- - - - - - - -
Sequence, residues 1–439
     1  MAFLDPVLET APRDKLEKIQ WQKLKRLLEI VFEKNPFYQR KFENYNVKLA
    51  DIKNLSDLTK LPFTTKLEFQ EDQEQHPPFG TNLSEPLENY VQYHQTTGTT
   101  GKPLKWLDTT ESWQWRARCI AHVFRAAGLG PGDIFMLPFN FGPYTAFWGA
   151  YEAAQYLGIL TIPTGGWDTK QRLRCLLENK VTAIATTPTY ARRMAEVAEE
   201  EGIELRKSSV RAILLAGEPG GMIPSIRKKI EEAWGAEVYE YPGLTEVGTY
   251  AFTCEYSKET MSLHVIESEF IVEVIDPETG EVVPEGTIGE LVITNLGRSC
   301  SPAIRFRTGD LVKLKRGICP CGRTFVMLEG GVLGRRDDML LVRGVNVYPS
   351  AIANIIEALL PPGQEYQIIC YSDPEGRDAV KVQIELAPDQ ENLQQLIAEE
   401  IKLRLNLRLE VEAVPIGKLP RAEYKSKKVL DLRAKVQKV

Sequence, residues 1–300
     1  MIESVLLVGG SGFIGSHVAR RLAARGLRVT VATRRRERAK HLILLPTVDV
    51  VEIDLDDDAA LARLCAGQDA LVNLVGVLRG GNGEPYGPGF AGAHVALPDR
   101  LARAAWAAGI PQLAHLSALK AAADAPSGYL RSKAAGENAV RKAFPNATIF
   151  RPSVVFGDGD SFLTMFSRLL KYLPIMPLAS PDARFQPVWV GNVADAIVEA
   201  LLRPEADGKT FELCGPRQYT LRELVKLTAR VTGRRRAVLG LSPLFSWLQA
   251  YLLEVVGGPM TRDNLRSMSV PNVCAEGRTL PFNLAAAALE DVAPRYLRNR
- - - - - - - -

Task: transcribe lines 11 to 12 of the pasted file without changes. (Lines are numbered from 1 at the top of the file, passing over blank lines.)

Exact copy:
Sequence, residues 1–300
     1  MIESVLLVGG SGFIGSHVAR RLAARGLRVT VATRRRERAK HLILLPTVDV